Chinese Tennis Star Peng Shuai Informs Olympic Committee She Is “Safe and Healthy”

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Chinese tennis star Peng Shaui, whose disappearance from the public eye after making a sexual assault allegation raised safety concerns, had a video call with senior Olympic officials.

Peng had met in a 30-minute video conference with President of the International Olympic Committee Thomas Bach, or IOC, and two other IOC officials to discuss his safety, the organization said on Sunday.

It is not known when the call took place. The IOC’s statement coincided with the publication of photos and a video of Peng at a youth tournament in Beijing.

“She explained that she was fine and that she lived at her home in Beijing, but that she would like her privacy to be respected for the time being,” said the IOC. “That’s why she prefers to spend her time with her friends and family right now.”

Emma Terho, president of the IOC Athletes’ Commission, said Peng appeared “to be doing well” during the call.

“She seemed relaxed,” Terho said. “I offered her our support and to stay in touch at any time of her convenience, which she obviously appreciated.”

International Olympic Committee President Thomas Bach chats with Chinese tennis star Peng Shuai during a video call. Greg Martin / CIO via AFP – Getty Images

Tennis stars around the world have expressed concern for Peng over the past week, circulating the hashtag #WhereIsPengShuai on social media. They feared for her safety after she alleged that Zhang Gaoli, a former deputy prime minister in his 60s, sexually assaulted her during an otherwise intermittent relationship while in office.

Peng made the accusation on November 2 in a post on Weibo, a Chinese social media platform similar to Twitter. It was quickly deleted and the social media debate appeared to be called off by censors.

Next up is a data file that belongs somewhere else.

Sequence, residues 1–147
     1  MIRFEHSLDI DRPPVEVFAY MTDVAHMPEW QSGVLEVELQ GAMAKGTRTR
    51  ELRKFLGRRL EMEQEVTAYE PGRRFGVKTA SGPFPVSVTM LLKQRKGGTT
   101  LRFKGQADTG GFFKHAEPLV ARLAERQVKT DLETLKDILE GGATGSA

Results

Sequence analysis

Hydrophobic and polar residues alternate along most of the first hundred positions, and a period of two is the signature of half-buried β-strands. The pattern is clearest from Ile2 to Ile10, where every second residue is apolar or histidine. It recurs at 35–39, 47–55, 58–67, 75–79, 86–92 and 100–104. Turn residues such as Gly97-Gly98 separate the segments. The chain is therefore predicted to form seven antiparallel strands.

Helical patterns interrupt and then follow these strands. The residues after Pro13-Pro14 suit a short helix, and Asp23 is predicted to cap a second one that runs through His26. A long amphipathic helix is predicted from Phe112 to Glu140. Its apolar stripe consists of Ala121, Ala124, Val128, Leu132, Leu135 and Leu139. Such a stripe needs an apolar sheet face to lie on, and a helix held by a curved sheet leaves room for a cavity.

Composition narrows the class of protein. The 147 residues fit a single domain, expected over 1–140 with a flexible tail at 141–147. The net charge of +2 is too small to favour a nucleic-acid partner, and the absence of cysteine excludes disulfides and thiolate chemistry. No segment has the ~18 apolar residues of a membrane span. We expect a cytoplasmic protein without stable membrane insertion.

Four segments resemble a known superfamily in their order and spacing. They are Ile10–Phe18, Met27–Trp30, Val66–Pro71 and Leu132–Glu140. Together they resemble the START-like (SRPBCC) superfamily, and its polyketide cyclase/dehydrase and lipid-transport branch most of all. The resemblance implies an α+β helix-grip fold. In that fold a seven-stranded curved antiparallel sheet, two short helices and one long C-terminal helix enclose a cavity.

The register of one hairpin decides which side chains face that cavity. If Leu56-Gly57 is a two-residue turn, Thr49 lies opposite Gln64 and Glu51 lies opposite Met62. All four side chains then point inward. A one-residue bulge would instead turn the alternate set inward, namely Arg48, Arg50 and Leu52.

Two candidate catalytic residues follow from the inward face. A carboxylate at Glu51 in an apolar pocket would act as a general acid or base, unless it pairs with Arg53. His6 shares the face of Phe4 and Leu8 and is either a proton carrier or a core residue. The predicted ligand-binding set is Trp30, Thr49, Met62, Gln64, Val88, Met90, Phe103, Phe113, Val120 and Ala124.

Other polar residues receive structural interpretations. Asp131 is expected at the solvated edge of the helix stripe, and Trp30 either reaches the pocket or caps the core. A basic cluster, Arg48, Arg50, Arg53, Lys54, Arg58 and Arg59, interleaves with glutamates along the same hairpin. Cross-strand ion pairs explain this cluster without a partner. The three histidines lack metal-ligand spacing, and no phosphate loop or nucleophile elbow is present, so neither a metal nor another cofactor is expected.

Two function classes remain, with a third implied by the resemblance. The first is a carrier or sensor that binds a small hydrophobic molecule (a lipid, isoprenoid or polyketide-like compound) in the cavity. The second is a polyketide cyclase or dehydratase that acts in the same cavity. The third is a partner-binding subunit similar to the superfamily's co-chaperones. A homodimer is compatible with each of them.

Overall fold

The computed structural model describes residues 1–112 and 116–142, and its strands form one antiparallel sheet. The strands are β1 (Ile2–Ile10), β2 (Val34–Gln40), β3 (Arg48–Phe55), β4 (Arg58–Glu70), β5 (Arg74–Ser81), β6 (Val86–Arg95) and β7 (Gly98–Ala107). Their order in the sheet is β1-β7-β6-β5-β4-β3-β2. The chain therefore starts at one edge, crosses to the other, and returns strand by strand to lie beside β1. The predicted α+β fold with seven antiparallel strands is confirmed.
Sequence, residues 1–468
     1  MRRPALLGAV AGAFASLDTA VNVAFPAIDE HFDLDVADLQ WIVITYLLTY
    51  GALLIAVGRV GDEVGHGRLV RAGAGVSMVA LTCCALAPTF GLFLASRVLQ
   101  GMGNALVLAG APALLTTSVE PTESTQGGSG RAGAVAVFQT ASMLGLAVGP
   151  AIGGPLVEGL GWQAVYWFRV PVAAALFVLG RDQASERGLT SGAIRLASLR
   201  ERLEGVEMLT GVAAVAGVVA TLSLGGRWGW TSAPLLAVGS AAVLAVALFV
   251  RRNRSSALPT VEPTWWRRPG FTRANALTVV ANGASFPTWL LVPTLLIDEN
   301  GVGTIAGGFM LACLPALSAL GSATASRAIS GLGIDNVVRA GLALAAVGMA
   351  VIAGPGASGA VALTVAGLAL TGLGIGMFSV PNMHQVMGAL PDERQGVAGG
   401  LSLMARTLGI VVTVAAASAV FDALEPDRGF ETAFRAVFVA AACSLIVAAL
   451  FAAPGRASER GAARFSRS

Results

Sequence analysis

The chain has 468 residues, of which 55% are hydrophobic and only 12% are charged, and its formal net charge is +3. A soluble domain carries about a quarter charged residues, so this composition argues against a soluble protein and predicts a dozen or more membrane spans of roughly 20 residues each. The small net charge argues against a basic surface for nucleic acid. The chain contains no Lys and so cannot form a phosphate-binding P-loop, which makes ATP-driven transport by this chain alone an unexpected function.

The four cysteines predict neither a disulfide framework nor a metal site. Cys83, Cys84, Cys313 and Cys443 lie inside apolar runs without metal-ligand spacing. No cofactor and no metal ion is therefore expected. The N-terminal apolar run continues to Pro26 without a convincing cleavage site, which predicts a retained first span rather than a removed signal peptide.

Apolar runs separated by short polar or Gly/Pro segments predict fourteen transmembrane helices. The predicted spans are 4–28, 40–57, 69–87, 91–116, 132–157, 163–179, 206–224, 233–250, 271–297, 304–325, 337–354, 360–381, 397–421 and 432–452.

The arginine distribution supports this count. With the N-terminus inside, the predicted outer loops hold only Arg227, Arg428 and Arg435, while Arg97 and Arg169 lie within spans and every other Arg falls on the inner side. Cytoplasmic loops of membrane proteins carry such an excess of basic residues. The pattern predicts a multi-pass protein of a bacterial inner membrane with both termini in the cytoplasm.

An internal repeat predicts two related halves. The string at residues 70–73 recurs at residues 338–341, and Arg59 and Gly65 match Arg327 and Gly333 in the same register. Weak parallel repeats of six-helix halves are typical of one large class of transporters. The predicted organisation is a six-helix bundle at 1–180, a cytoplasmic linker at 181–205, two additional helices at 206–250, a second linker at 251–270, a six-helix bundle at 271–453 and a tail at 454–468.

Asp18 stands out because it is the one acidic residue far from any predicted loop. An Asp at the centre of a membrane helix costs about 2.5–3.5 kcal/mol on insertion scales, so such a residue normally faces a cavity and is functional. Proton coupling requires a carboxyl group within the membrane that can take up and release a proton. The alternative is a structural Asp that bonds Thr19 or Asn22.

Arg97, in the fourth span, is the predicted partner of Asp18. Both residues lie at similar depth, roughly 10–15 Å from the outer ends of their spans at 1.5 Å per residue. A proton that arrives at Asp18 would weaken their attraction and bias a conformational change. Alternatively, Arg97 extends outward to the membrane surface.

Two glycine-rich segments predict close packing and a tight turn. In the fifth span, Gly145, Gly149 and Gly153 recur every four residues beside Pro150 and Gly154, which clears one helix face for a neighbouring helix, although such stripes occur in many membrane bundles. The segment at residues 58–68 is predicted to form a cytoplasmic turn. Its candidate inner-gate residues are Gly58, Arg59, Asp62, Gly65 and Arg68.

Zhang was once one of China’s most powerful officials under President Xi Jinping. He retired in 2018 and was not available to comment on the topic.

NBC News did not see the post until it was deleted from Peng’s account, which has more than half a million subscribers. It was not clear if she had deleted the post or if it had been deleted by Chinese censors.

Last week, Chinese State Television released a statement in English attributed to Peng who withdrew his charge against Zhang.

Some of the biggest names in tennis have sounded the alarm after noting that Peng has not been seen in public since then, including Naomi Osaka, Serena Williams and Novak Djokovic.

The White House was “deeply concerned about reports that Peng Shuai appears to have disappeared,” press secretary Jen Psaki said at a press conference on Friday. A spokesman for the Chinese Foreign Ministry denied knowing about Friday’s outcry.

Steve Simon, president of the Women’s Tennis Association, or WTA, said last week that he allegedly received an email from Peng saying she was resting at home and not missing. But Simon questioned the authenticity of the email, saying he “repeatedly tried to reach her via many forms of communication, to no avail.”

“I find it hard to believe that Peng Shuai actually wrote down the email we received or to believe what is attributed to him,” Simon said, adding that the world needed “independent and verifiable evidence that ‘she is safe.’

Simon said in a statement after the release of the statement that the WTA’s relationship with China “is at a crossroads.”

“While it is positive to see her, it is still unclear whether she is free and able to make decisions and act on her own, without coercion or outside interference,” said Simon. “This video alone is insufficient.”

Peng is one of the biggest stars of Chinese tennis in recent years, a former world No. 1 in doubles who won doubles titles at Wimbledon and Roland Garros in 2013 and 2014.

His situation highlights a growing problem for sports organizations trying to balance China’s vast business opportunities with concerns over Beijing’s widely criticized human rights and censorship record.

Simon told the New York Times last week that he would consider a boycott of China by the WTA unless he sees “appropriate results” in the matter.


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